The orthogonal unit vectors {u(x), u(y), u(z)} define the coordinate axes of O.

  • This set is oriented with respect to the World coordinate axes X, Y, Z, with unit vectors {e(x), e(y), e(z)}. The orientation changes with time.

  • You can express the set {u(x), u(y), u(z)} as a linear combination of the basis {e(x), e(y), e(z)} in terms of nine coefficients. These are relationships between vectors (not vector components) and are independent of the reference frame and coordinate system.

  • You obtain the components of the u's in World by projecting the u's on to the e's by scalar products. The time-dependent R coefficients represent the orientation of the u's with respect to the e's. You can use the labels (1,2,3) as equivalents for (x,y,z).

  • The components of any vector v measured in World are e(i)·v. Represent them by a column vector, vWorld. The components of v in O are u(i)·v. Represent them by a column vector, vO. The two sets of components are related by the matrix transformation vWorld = RWO·vO. The coefficients R form a matrix whose columns are the components of the u's in World:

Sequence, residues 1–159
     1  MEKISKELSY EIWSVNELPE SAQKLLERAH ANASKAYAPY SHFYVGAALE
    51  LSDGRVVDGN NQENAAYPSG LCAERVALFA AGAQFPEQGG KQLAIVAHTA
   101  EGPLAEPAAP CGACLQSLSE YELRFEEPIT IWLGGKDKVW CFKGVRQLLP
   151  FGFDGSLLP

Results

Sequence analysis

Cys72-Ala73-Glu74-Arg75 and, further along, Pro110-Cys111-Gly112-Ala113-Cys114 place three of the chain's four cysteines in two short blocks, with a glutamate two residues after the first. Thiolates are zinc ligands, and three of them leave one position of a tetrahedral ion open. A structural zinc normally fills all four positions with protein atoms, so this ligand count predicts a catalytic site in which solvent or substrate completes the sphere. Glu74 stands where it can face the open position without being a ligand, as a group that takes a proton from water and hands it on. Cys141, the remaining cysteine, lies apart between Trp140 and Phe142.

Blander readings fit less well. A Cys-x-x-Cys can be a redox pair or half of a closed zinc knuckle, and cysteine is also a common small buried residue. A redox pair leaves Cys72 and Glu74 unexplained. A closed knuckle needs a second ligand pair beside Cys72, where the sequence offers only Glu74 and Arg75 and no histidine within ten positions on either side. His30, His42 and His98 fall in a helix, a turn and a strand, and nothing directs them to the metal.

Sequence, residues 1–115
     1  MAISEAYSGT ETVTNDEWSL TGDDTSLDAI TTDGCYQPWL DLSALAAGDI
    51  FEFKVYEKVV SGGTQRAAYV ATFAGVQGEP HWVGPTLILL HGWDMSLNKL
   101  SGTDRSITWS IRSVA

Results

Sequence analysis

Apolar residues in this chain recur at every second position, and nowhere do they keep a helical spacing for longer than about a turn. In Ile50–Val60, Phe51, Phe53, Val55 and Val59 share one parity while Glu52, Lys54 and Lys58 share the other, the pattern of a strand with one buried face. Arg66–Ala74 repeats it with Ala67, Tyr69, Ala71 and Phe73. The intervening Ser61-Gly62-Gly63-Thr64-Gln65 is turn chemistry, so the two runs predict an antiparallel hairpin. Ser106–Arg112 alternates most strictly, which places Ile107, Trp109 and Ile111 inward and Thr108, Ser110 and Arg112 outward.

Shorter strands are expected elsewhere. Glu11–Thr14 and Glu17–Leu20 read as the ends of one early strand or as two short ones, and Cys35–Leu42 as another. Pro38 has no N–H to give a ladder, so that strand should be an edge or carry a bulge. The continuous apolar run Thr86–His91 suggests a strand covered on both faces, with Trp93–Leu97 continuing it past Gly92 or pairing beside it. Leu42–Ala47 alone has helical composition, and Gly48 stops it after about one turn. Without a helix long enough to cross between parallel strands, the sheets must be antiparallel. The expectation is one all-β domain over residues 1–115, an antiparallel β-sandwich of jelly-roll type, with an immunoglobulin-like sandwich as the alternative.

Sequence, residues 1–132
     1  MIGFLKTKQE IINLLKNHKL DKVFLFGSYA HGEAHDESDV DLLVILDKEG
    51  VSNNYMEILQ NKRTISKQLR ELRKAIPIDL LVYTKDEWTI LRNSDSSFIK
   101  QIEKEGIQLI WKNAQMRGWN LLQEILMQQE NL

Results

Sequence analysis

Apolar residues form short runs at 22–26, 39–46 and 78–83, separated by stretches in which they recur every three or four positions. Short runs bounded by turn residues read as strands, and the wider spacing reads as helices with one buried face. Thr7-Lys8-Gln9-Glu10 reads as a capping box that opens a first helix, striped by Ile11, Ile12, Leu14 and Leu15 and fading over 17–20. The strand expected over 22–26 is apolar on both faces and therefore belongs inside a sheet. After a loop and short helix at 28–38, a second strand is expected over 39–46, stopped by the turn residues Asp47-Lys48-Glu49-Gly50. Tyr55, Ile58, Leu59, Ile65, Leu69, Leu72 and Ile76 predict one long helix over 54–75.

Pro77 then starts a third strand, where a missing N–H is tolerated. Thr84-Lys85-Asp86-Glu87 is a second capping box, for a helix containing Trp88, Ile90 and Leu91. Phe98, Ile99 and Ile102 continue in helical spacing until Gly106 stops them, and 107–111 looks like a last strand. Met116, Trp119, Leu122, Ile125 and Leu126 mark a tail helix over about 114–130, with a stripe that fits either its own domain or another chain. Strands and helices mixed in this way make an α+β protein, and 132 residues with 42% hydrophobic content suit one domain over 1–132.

The orthogonality and unit length of the u's guarantee that R is an orthogonal rotation matrix satisfying RRT = RTR = I, the identity matrix. RT is the transpose of R (switch rows and columns). Thus R-1 = RT.

  • Rotations always follow the right-hand rule, so that det(R) = +1.

  • You use rotation matrices in general to transform the components of any vector from one CS representation to another, rotated CS representation.

Observing Body Motion in Different Coordinate Systems

To the two observer CSs, World and O, now add a third point p in arbitrary motion. p could represent a point mass, the center of gravity (CG) of an extended body, or a point fixed in a moving rigid body, for example. The two observers describe the motion of this point in different ways, related to one another by time-dependent World-to-O coordinate transformations.

The components of p are given by projecting it on to some CS axes. The components of p as measured in World are a column vector pWorld and, measured in O, are a column vector pO. The two descriptions are related by

Thus the motion as measured by pWorld, when transformed and observed by O as pO, has additional time dependence arising from the motion of C and R.

Relating Velocities Observed in Different Coordinate Systems

Differentiate the relationship between pWorld and pO once with respect to time. The result relates the velocity of p as measured by O to the velocity as measured in World.